Medical Tests & Procedures Archive


The skinny on fatty liver

The body's second largest organ, the liver is responsible for more than 500 bodily functions. One of the liver's greatest threats is nonalcoholic fatty liver disease (NAFLD), an umbrella term that includes several forms of liver disease. Most people with NAFLD have a type known as simple fatty liver. However, up to 20% of people with NAFLD develop inflammation in the liver known as nonalcoholic steatohepatitis (NASH). Left unchecked, this more dangerous form can progress into fibrosis (scarring) and potentially cirrhosis (severe scarring and liver damage). Lifestyle changes, such as weight loss, increasing exercise, and adopting a plant-based diet are the best means to manage and prevent NAFLD.

Tips to cope with medical test anxiety

Some people have anxiety about getting medical tests such as blood work, CT scans, or MRIs. When debating whether to skip a medical test due to fear, a person should get as much information as possible about the test or ask for medication to reduce pain or anxiety associated with the test. During a medical test, it may help to do relaxation exercises or focus on something fun planned for later in the day.

Take arms against perplexing pain

Pain in the shoulder, elbow, or wrist without obvious injury is common. Possible causes include arthritis, bursitis, frozen shoulder, rotator cuff tear, tendinitis, or nerve compression in the carpal tunnel or the cubital tunnel. Home remedies include rest, ice, compression, or elevation; over-the-counter anti-inflammatory pain relievers; and devices such as a splint or brace. Other treatments include physical therapy or steroid injections. Surgery is usually a last resort.

Should I get genetic testing for breast cancer?

Women should consider genetic testing for breast cancer if they have a personal or family history of breast or ovarian cancer, especially diagnosed at age 50 or younger; family history of BRCA1 or BRCA2 gene mutations; or Ashkenazi Jewish heritage.

Do you pass the hearing test?

Approximately one in three people ages 65 to 74 has hearing loss, and nearly half of those older than 75 have difficulty hearing. Getting a hearing test is recommended to identify any hearing loss before it worsens and prescribe a hearing aid if needed. While hearing aids are traditionally expensive, new over-the-counter devices can make them more affordable for people with mild or moderate hearing loss.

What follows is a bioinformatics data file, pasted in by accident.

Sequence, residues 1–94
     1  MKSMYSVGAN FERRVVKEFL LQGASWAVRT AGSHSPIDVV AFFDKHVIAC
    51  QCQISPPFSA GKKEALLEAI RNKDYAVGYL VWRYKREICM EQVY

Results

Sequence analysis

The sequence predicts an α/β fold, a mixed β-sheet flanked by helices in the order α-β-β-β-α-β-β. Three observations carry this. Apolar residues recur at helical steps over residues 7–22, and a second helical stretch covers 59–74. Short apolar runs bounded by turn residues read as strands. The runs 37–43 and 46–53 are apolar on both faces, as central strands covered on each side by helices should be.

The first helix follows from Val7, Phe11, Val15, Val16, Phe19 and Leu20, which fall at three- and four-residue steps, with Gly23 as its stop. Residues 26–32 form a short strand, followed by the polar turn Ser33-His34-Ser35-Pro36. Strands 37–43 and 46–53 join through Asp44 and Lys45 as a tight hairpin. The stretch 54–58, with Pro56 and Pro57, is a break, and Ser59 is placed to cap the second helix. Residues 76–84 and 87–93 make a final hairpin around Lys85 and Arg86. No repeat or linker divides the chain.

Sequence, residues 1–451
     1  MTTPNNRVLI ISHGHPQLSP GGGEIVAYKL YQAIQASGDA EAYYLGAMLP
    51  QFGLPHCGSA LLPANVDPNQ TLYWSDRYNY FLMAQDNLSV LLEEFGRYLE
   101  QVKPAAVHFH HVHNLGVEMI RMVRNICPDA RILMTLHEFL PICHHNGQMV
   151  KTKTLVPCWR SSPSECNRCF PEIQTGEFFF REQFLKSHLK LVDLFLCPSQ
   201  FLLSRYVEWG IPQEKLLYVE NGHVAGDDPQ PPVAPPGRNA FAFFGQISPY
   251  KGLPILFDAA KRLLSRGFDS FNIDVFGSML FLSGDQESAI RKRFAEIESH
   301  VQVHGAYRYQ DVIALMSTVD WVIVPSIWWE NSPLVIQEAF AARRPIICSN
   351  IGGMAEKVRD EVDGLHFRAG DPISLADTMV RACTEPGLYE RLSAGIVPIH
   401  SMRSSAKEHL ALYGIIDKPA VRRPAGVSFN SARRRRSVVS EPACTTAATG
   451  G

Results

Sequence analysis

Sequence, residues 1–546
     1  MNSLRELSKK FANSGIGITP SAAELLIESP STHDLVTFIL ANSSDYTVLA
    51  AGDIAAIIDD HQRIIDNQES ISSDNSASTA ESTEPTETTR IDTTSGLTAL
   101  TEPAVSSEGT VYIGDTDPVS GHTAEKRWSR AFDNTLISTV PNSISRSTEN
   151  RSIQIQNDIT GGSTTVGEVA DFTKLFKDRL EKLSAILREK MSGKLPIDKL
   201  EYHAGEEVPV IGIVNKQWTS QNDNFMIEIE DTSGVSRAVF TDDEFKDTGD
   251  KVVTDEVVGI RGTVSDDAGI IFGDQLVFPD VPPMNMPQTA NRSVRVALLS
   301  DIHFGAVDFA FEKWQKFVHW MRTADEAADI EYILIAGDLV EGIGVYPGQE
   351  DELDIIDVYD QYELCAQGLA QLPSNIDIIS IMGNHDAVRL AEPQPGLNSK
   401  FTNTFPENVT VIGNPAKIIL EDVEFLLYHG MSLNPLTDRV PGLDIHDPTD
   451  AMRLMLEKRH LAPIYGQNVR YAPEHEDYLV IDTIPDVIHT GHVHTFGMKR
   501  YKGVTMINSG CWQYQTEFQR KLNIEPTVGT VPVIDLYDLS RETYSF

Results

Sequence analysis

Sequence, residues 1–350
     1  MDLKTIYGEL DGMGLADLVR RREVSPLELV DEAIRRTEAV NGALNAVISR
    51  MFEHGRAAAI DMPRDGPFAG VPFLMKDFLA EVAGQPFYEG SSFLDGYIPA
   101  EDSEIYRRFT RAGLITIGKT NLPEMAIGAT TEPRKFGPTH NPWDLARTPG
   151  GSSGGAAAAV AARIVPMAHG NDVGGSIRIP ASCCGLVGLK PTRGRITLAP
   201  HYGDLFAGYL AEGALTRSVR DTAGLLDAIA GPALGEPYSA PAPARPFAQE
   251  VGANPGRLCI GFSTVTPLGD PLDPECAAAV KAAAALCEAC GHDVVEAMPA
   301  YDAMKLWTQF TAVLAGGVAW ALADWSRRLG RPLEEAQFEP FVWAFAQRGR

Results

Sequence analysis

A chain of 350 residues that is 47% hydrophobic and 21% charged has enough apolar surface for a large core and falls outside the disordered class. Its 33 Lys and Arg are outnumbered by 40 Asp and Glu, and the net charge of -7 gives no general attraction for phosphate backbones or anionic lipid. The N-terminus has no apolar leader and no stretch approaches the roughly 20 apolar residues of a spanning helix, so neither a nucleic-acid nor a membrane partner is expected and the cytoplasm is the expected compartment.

Do I still need a colonoscopy?

A 2022 study led to questions regarding whether colonoscopy is the best strategy to reduce the risk of death from colon cancer. But overwhelming evidence supports the procedure for lowering the risk of colon cancer and related death, and experts continue to recommend people at average risk get at least one colonoscopy beginning at age 45.

The latest on lipoprotein(a), an inherited cause of early heart disease

About 20% of people have high blood levels of lipoprotein(a)—Lp(a) for short—a fatty particle that's like the evil twin of the more familiar LDL ("bad") cholesterol. Elevated Lp(a) which can double or triple risk of a heart attack and raise stroke risk, and is linked to problems with the heart's aortic valve. With new treatments that can lower Lp(a) on the horizon, cardiologists are now testing more people for this biomarker, which is not included in standard cholesterol tests.

A lethal cancer's long reach

While ovarian cancer is not always inherited, family history is the top risk factor for the disease, which is diagnosed in 20,000 American women and kills 13,000 annually. Symptoms, such as bloating, pelvic pain, bowel or bladder habit changes, and unusual vaginal discharge or bleeding, are often vague and subtle until the disease is advanced, making it hard to detect and cure. No standard screening test is available for ovarian cancer. Women with symptoms can ask for a pelvic ultrasound. Women with a family history should seek genetic counseling and testing.

Novel procedure may lower stubbornly high blood pressure

Renal denervation is a minimally invasive procedure that destroys some of the nerves inside the renal arteries, which supply the kidneys. The procedure lowers blood pressure by disrupting communication between the brain and the kidneys that leads to elevated blood pressure. People with stubbornly high blood pressure may be candidates for the procedure, which is currently approved for use in Europe but not in the United States.

Chest pain from inflamed joints

Costochondritis, which is caused by inflammation of the cartilage between the ribs and the breastbone, causes chest pain that's often mistaken for a heart problem.

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